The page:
Commentary

Roundtable: The Final Four questions

Originally Published: March 30, 2012
By Staff | ESPN.com

NEW ORLEANS -- After nearly a week of talk, the games are back. Before Saturday night's tipoff, five of our writers covering the event take one last shot at a few questions and predictions.

What are you most looking forward to Saturday?

Eamonn Brennan: Besides the atmosphere in the Superdome, I assume? Right. Then I'd say I'm most eager to see whether Louisville can change the terms of the engagement enough to hang with a vastly more talented Kentucky team. This is the one way UL can hope to win -- by scrapping and clawing and pressuring and making the game as awkward and difficult as possible. This is mostly a physical battle. Can Louisville turn over Marquis Teague? Can it find fast-break buckets? Man for man, the Cardinals can't possibly match up. What Rick Pitino devises for them -- and the mental war between Pitino and John Calipari and how it translates on the court -- will determine whether we get the tightly wound classic this rivalry deserves or a businesslike Wildcats romp. I can't wait.

[+] EnlargeTyshawn Taylor
Ronald Martinez/Getty ImagesKansas is primed for its first Final Four appearance since winning the national title in 2008.

Andy Katz: The Ohio State-Kansas game. The Louisville-Kentucky matchup has many of the pregame storylines, but the more competitive game should be OSU-KU. The two teams have studs in the post in Jared Sullinger and Thomas Robinson. Aaron Craft and Tyshawn Taylor have done a wonderful job leading their teams this season. The game didn't get all of the buildup, but it should be the most talked about game by Sunday.

Jason King: I'm actually looking forward to soaking in the atmosphere on Bourbon Street both before and after the games. I've never experienced the Kentucky-Louisville rivalry firsthand, so I'm interested to see how the fan bases treat one another both before tip-off and after the final horn. Be classy, everyone -- and stay safe.

Myron Medcalf: I can't wait to see the impact a pair of interior defenders could -- should -- have for their respective squads. Kansas' Jeff Withey and Kentucky's Anthony Davis are two of the best shot-blockers in the country. I'm amazed by the way they alter shots and intimidate opponents when they cut off the rim. It's such an underrated component of college basketball. Defense alone doesn't win championships, but when you have two of the best defenders in the game it certainly helps. It will this weekend.

Dana O'Neil: I'm anxious to see who owns the Superdome. Kentucky fans travel like no other in the country, and the eye test around New Orleans says the Wildcats have shut down the Commonwealth for a weekend in the Big Easy. But I'm wondering how that measures against a Superdome that is sure to be a 75/25 split in the crowd. Ohio State and Kansas fans surely will jump right on the underdog Louisville bandwagon from the opening tip. Can the Cat fans outnumber them all and give UK yet another home-court advantage away from home?

At the end of the semifinals, whose performance will we be talking about?

Brennan: Either Aaron Craft or Jeff Withey. Both players are their team's most important defensive force. Craft is Ohio State's havoc-wreaking turnover machine; Withey is KU's underappreciated shot-blocking giant. What Craft is able to do against Kansas guard Tyshawn Taylor may well determine the outcome of this game. Withey's 7-foot size and interior length make him OSU's one true matchup nightmare, and the Jayhawks' best chance of limiting Jared Sullinger enough to make him a nonfactor in the low block. Whichever outcome we get, one of these two will have everything to do with it, and we'll be talking about them in the days that follow.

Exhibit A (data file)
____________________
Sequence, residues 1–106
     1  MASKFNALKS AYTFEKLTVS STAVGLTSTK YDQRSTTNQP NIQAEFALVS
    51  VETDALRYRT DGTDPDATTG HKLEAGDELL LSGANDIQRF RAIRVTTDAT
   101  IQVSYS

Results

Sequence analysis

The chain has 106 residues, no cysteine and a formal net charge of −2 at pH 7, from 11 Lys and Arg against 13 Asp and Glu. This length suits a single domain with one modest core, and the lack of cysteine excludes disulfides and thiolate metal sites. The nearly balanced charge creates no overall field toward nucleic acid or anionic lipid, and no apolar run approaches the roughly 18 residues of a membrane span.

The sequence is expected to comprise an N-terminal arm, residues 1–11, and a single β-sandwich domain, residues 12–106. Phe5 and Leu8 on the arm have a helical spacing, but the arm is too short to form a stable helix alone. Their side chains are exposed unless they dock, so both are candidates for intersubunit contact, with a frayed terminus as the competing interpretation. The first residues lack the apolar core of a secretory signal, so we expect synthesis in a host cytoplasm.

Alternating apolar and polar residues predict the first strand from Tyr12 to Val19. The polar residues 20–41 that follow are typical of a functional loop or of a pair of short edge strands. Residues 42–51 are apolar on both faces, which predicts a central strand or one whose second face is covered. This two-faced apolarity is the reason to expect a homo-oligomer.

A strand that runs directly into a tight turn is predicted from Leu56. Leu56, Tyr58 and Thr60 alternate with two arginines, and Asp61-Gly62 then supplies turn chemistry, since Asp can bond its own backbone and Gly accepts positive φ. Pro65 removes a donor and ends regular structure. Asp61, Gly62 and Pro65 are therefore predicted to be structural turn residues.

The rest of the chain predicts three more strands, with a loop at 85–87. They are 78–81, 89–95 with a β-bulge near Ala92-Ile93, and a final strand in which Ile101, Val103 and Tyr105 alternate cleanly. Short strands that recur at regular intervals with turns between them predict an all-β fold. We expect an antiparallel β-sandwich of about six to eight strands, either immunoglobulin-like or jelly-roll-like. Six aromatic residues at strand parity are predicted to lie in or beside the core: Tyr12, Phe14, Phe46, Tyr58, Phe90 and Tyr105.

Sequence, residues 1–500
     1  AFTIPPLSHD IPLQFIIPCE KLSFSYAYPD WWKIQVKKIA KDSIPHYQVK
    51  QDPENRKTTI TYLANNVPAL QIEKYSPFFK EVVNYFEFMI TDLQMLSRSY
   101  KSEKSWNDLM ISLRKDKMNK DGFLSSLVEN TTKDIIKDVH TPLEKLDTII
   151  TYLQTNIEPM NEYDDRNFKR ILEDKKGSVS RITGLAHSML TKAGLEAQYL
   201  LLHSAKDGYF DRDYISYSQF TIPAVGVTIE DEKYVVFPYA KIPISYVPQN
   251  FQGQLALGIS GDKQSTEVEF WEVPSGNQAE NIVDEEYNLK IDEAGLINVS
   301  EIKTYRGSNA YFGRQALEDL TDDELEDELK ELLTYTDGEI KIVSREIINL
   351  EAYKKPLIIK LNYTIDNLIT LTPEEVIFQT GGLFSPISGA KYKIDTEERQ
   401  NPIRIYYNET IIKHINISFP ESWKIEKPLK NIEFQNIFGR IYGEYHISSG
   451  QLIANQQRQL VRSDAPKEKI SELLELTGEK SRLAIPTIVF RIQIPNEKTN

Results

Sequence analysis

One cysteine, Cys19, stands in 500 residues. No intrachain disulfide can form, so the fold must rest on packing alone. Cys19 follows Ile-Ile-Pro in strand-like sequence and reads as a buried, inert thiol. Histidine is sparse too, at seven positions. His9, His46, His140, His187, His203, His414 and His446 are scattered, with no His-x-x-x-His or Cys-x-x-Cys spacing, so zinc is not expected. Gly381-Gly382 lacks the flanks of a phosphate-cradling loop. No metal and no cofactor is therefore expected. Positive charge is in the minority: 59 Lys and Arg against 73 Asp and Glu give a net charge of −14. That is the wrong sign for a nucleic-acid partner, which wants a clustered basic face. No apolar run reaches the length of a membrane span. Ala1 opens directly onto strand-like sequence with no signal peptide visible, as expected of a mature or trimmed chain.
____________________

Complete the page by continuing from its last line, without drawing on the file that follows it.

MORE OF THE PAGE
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Bob Donnan/US PresswireThe play of national player of the year Anthony Davis might determine UK's fate this weekend.

Katz: Anthony Davis. This is going to be his stage. The last time a national player of the year award winner played for the national title was Duke's Shane Battier in 2001. Davis will have his shot on Monday night if the Wildcats take care of Louisville. Expect him to have a dominant game in which he scores, rebounds and block shots in a way that creates serious buzz about his overall impact yet again.

King: Even in a season in which he earned first-team All-American honors, Ohio State's Jared Sullinger hasn't been in the spotlight quite as much as he was last season. Part of that is because of the emergence of Thomas Robinson and Anthony Davis, and part of it is because nagging injuries limited his performance at times. Anyone who had forgotten just how special and versatile Sullinger truly is will be reminded of it in Saturday's game against KU.

Medcalf: Aaron Craft. Most college basketball fans know the Ohio State sophomore is a talented defender, arguably the best on-the-ball defender in America. But his 2.5 steals per game don't tell the full story about the way he disrupts offenses. He will be everywhere Saturday. He'll harass Tyshawn Taylor. He'll cut off passing lanes. He'll shut down Kansas in transition. He'll come off his man to strip a post player. He really does it all defensively for the Buckeyes. He'll be impossible to ignore.

O'Neil: Peyton Siva. The point guard has not been in the scoring column quite like Kemba Walker last year, but the Louisville junior has channeled the UConn star in this unexpected run from Big East tournament title to Final Four. If the Cardinals can pull off an upset that might be the biggest since Duke took down mighty UNLV in 1991, Siva is going to have to get his Kemba mojo going in full. And since I'm going to pick the upset (see below), I think Siva will have tongues wagging.

Kentucky-Louisville: Who wins and why?